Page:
Longer term, we need to think strategically about (a) housing and infrastructure; and (b) how we integrate with new cultures. We simply cannot just pull up the drawbridge.

Economic growth: how will you address this locally?

Our economy both nationally and locally is stagnant. It is generally accepted that we need to grow our economy and increase productivity. Work harder or more efficiently. The question is, ‘How do we achieve that locally?’

Our local economy in South West Norfolk depends a lot on small and medium sized businesses. Currently, growth in these areas is generally flat or negative. 12% of small businesses nationally are reducing their workforce. There is no reason to think we are any different.

The headwinds are:

  • Higher interest rates, higher inflation, and cost of labour
  • The costs of bureaucracy, particularly if exporting to the EU
  • A skills deficit
  • A reluctant labour force (10 million people under 30 and over 50 are economically inactive)
  • Borrowing is more difficult; banks are more risk-averse and less accessible
  • Barriers to trade abroad, particularly as regards service industries
  • Government failures to meet targets on earlier promises to procure business from small businesses


Small businesses are highly risk-averse, preferring to stay afloat rather than risk the kind of investment which would improve productivity and therefore growth.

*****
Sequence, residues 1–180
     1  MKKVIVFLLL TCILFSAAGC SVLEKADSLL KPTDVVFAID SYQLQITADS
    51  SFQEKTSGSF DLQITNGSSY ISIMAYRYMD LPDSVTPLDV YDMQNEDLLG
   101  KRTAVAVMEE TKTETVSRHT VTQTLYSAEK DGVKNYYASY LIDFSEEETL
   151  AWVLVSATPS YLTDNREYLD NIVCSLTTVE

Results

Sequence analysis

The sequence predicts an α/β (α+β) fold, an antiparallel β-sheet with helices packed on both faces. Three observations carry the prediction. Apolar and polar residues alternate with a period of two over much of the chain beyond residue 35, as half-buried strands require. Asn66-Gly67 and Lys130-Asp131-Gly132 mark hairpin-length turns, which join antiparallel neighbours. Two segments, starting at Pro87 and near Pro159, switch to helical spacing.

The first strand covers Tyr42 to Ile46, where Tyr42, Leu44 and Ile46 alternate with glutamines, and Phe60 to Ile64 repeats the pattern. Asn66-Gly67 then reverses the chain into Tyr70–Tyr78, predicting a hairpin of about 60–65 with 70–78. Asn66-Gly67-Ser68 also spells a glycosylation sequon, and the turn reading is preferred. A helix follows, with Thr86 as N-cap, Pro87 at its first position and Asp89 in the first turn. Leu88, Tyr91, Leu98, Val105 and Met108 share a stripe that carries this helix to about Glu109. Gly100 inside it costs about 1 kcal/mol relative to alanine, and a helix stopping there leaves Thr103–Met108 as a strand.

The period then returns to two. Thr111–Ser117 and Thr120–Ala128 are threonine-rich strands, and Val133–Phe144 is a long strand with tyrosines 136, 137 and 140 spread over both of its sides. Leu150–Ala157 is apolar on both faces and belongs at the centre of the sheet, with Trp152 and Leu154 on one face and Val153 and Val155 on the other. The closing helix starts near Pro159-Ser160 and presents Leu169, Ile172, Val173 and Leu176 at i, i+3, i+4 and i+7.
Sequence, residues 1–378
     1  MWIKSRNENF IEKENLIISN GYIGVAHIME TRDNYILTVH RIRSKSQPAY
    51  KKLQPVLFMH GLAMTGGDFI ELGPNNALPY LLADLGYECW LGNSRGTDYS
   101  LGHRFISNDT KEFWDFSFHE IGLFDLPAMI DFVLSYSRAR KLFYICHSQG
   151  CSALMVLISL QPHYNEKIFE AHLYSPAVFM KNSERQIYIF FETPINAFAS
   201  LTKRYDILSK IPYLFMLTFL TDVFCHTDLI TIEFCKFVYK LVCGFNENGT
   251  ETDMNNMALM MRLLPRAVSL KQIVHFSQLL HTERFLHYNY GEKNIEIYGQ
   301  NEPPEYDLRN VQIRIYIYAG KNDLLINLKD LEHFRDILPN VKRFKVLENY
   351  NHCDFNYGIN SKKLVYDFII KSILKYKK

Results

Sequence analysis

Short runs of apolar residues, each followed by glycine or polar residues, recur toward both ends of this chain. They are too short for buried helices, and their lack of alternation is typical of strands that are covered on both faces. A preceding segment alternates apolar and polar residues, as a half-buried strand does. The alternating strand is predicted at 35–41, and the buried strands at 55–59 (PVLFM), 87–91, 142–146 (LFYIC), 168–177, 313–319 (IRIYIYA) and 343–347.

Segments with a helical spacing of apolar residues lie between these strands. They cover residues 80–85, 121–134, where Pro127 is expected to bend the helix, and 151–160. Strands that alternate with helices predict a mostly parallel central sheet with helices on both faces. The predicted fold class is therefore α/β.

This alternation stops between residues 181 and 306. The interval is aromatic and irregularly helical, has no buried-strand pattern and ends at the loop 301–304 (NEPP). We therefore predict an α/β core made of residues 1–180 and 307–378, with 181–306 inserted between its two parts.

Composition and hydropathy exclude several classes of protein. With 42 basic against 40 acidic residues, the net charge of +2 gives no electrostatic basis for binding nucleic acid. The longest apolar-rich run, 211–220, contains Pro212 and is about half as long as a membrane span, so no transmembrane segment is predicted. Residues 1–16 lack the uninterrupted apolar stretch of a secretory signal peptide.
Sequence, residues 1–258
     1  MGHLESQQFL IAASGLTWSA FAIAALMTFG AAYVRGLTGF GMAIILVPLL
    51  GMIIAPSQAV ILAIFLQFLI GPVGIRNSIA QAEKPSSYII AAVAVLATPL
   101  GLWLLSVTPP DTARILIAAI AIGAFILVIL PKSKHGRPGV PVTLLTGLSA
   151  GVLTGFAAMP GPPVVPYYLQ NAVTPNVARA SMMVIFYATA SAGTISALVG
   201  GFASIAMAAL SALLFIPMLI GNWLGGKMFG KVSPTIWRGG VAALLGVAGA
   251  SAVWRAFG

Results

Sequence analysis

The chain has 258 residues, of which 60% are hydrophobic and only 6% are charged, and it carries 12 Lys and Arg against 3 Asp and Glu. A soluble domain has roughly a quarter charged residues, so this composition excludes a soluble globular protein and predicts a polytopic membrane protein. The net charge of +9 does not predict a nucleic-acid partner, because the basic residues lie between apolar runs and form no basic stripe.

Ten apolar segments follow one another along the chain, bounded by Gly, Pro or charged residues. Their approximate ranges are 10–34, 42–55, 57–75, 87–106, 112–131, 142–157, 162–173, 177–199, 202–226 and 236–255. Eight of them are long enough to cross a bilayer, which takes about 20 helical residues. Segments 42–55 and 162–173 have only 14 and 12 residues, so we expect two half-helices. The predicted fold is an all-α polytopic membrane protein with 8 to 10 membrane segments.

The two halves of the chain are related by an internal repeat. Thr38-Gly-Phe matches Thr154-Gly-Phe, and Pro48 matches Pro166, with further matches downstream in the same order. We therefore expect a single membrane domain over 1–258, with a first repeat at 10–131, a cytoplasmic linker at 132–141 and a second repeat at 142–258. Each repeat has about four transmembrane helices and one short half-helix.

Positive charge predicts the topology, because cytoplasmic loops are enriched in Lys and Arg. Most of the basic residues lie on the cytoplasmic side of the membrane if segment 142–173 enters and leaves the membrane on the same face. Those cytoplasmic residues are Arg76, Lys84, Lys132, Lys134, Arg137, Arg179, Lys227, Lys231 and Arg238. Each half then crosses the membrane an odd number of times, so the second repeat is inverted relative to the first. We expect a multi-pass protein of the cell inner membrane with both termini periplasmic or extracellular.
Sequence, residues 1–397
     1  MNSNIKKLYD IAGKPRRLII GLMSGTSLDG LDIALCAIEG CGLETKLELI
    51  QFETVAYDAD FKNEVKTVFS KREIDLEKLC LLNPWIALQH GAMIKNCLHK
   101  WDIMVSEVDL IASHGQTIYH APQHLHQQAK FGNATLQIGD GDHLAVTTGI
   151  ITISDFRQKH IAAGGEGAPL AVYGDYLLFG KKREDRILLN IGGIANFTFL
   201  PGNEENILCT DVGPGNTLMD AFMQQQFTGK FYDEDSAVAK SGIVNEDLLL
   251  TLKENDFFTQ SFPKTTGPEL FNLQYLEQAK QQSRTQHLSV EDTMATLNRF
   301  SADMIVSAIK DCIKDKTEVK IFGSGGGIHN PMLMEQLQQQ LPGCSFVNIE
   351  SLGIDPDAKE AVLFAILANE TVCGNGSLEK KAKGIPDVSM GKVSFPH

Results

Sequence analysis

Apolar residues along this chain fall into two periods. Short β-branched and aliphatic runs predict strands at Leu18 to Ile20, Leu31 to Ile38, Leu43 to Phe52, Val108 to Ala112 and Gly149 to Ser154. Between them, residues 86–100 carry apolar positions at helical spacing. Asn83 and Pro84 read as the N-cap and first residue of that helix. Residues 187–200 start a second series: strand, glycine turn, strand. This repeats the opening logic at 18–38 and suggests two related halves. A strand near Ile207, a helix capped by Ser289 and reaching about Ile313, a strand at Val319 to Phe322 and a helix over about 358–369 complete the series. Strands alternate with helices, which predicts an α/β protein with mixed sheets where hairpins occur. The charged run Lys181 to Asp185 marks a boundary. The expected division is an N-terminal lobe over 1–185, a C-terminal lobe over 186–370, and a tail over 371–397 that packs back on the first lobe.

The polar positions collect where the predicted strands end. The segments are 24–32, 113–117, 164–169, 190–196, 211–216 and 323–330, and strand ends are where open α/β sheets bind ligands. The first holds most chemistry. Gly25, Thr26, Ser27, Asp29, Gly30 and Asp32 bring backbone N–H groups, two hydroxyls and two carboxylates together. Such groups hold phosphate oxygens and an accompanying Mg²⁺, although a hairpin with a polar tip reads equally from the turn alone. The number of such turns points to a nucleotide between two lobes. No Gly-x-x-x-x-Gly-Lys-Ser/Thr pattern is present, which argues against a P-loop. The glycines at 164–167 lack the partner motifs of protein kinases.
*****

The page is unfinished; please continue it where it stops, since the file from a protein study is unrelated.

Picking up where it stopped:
Nationally, we need:

  • Economic stability and low inflation
  • Less bureaucracy
  • Policies to encourage investment and lending
  • Addressing the barriers to trade, particularly for the service industries

Locally, what can we do about it?

  • Encourage investment in technology
  • Facilitate skills training
  • Motivate those who are economically inactive by delivering attractive employment opportunities
  • Improving local infrastructure, broadband and planning reforms
  • Facilitating cross-fertilisation of good practice between businesses that growing and those which need encouragement

Do you subscribe to the current targets for Net Zero emissions?

‘Yes,’ but as targets only.

As a major industrial nation which has a good record on this, we must be seen to lead. But blind pursuit of targets without heeding the economic consequences would be counterproductive.

Progression towards each of the staged targets must be managed on this basis and, if possible, the target achieved.

We need to be smart about land management, growing food where crops grow best and using environmental schemes on poorer land to stop covering the most fertile ground with solar panels.

We must invest in technology and encourage entrepreneurial endeavour.

We have the talent to lead the world; let’s use it.

At the same time, we do also need to protect ourselves. Investment needs to be made on water management, and water companies need to do better. We need to invest in flood defences and encourage those responsible to maintain water flows, whether ditches, dykes, or rivers.

We also need reservoirs to capture the water.

Above all, we need to be sure that we maintain a proper balance between preserving the beauty of what we have and the necessary levels of development and infrastructure which should be driven more by the interests of the wider community they serve than the commercial interests of those who wish to take advantage of it.